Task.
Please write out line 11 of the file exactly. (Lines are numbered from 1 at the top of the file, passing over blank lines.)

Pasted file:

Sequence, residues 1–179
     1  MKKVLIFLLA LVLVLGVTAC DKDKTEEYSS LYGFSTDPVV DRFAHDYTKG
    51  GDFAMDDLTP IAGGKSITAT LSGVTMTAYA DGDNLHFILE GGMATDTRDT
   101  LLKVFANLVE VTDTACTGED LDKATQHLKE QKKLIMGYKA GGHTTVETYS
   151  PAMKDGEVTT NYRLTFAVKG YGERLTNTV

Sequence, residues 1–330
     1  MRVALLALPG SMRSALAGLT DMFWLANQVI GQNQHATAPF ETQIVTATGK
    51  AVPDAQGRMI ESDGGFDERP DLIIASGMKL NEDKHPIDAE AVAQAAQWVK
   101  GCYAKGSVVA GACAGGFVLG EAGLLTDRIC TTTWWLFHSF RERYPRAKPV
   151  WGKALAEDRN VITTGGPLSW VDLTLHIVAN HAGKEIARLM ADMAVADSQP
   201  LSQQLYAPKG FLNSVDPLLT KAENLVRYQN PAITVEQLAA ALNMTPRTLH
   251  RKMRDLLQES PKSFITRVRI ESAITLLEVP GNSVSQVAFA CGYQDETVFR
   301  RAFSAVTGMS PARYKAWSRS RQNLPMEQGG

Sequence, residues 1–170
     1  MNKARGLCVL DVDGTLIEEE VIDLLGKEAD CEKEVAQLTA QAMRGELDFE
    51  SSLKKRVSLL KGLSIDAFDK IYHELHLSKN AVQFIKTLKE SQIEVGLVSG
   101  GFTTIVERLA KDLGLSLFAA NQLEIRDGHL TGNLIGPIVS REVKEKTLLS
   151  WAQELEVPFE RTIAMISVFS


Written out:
   201  LSQQLYAPKG FLNSVDPLLT KAENLVRYQN PAITVEQLAA ALNMTPRTLH